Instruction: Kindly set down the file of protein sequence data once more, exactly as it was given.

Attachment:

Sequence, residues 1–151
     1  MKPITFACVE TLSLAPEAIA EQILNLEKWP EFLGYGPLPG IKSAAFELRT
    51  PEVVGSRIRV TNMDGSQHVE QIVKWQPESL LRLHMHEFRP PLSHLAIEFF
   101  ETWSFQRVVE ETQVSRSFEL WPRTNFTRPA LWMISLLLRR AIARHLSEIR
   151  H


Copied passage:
Sequence, residues 1–151
     1  MKPITFACVE TLSLAPEAIA EQILNLEKWP EFLGYGPLPG IKSAAFELRT
    51  PEVVGSRIRV TNMDGSQHVE QIVKWQPESL LRLHMHEFRP PLSHLAIEFF
   101  ETWSFQRVVE ETQVSRSFEL WPRTNFTRPA LWMISLLLRR AIARHLSEIR
   151  H